It did not take long for teachers to unravel his masquerade. He was one of hundreds of bizarre false names given by chancers apparently hoping to secure jobs in schools in Uttar Pradesh, in northern India, the Daily Mail reported.
Perhaps the so-called “Abcdefgh” thought he would stand a better chance of teaching children English when he told India’s Ministry of Education that his father’s name was Xyz.
Or maybe bow-wielding Hindu deity Jai Sri Ram thought he needed a break from heavenly duties to help boost the state’s religious education results.
There was even one aspirant who gave his name as Farji, which translates as “fake”. His father’s name was given as Farji Singh.
And unsurprisingly, all these applicants had spotless academic records to boot, with 100 percent marks in all exams.
But rather than dismiss the applications out of hand, the state’s basic education department allotted them all registration numbers and even issued letters for counselling on their “fake” addresses.
Such aspirants, shortlisted in the first list of candidates for the primary teachers’ job, have made the state’s basic education department’s recruitment drive a laughing stock.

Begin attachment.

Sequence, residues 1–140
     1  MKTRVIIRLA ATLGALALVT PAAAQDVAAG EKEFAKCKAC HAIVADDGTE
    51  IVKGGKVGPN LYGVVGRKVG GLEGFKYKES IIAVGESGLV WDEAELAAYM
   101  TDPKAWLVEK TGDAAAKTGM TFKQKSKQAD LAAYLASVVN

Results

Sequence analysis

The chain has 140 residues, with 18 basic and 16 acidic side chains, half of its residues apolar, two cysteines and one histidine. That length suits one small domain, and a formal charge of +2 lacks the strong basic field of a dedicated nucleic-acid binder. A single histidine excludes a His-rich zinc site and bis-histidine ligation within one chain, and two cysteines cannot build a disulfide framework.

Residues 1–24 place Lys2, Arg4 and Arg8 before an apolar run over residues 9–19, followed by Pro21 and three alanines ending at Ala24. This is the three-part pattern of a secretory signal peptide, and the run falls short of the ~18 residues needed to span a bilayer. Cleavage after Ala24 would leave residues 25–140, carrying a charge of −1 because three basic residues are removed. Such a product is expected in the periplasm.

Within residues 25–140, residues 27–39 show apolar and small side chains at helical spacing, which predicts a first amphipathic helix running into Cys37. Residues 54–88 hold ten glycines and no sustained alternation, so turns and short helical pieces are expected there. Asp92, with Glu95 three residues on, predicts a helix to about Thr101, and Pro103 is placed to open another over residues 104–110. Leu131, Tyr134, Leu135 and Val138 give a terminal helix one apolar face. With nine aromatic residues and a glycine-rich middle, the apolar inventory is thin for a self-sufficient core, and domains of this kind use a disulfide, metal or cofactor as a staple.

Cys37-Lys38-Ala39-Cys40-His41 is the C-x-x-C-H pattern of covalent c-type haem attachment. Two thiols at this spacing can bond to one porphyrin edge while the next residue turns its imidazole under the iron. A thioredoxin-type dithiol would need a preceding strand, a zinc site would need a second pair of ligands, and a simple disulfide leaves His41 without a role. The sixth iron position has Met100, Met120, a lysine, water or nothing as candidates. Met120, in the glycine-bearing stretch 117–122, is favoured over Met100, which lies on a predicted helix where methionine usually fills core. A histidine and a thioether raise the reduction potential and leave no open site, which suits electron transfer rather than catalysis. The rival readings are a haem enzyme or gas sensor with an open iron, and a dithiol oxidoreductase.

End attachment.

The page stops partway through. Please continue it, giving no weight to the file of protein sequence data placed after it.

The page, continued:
The candidates have clearly fudged every detail, from name and address to their exam records.
Incredibly, the screening of the applications, filled online, found over 60 percent of candidates to be fake.
For 72,825 vacant posts of primary teachers, more than 70 lakh applications were received of which only about 20 are believed to be genuine.
Minister of state for basic education Waseem Ahmad said the department would sort out the errors.
“This system of receiving online applications and sorting it out by software was meant for observing complete transparency. Maybe there are some problems but they will be sorted out in coming days,” he said.